PODCAST: Give Us a King Like the Rest of the Nations, Part 43 (The Covenant and the Cross #126)

Welcome to the Covenant and the Cross Podcast. This is episode #127. I am your host, Daniel Whyte III, president of Gospel Light Society International. This podcast is designed to help you better understand the Word of God — both the Old and New Testaments. The Old Testament is the story of the Covenant which God made with His chosen people Israel. And the New Testament is the story of the Cross which signifies the fulfillment of the Old Covenant with Israel and the formation of a New Covenant with redeemed people from many nations.

We always like to start out with the Word of God, and today’s passage of Scripture is from Joshua 8:30-32 which reads: “Then Joshua built an altar unto the Lord God of Israel in mount Ebal, As Moses the servant of the Lord commanded the children of Israel, as it is written in the book of the law of Moses, an altar of whole stones, over which no man hath lift up any iron: and they offered thereon burnt offerings unto the Lord, and sacrificed peace offerings. And he wrote there upon the stones a copy of the law of Moses, which he wrote in the presence of the children of Israel.”

Regarding this passage, Jamieson, Fausset, and Brown wrote in their commentary: “Then Joshua built an altar unto the Lord God of Israel in twenty miles from Ai. The march through a hostile country and the unmolested performance of the religious ceremonial observed at this mountain, would be greatly facilitated, through the blessing of God, by the disastrous fall of Ai. The solemn duty was to be attended to at the first convenient opportunity after the entrance into Canaan; and with this in view Joshua seems to have conducted the people through the mountainous region that intervened though no details of the journey have been recorded. Ebal was on the north, opposite to Gerizim, which was on the south side of the town Sichem. The altar was of whole stones–according to the instructions given to Moses, over which no man hath lifted up any iron–that is, iron tool. The reason for this was that every altar of the true God ought properly to have been built of earth; and if it was constructed of stone, rough, unhewn stones were to be employed that it might retain both the appearance and nature of earth, since every bloody sacrifice was connected with sin and death, by which man, the creature of earth, is brought to earth again. They offered thereon burnt offerings unto the Lord, and sacrificed peace offerings–This had been done when the covenant was established; and by the observance of these rites, the covenant was solemnly renewed–the people were reconciled to God by the burnt offering, and this feast accompanying the peace or thank offering, a happy communion with God was enjoyed by all the families in Israel. He wrote there upon the stones a copy of the law of that is, the blessings and curses of the law. Some think that the stones which contained this inscription were the stones of the altar: but this verse seems rather to indicate that a number of stone pillars were erected alongside of the altar, and on which, after they were plastered, this duplicate of the law was inscribed.”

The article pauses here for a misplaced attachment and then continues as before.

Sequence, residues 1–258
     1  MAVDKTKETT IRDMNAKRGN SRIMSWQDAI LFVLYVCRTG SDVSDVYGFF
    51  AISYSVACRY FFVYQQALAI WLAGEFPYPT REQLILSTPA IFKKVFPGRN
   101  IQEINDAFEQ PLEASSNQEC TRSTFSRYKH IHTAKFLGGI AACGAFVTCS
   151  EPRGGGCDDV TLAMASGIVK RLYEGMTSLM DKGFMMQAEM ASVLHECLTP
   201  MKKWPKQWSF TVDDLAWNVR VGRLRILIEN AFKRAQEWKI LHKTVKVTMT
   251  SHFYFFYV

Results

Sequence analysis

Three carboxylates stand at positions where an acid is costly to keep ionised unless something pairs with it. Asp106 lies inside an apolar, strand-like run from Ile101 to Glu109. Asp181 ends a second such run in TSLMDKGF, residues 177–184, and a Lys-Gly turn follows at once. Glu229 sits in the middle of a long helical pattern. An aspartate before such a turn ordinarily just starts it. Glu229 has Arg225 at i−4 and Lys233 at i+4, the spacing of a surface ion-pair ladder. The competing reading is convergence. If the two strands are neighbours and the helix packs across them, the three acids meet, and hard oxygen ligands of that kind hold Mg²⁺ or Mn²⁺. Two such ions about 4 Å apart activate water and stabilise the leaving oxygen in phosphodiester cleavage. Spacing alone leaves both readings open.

Today’s quote about the Bible is from Theodore Roosevelt who said: “A thorough knowledge of the Bible is worth more than a college education.”

Our topic for today is titled “Give Us a King Like the Rest of the Nations, Part 4” from the book, “The Promise and the Blessing” by Dr. Michael A. Harbin.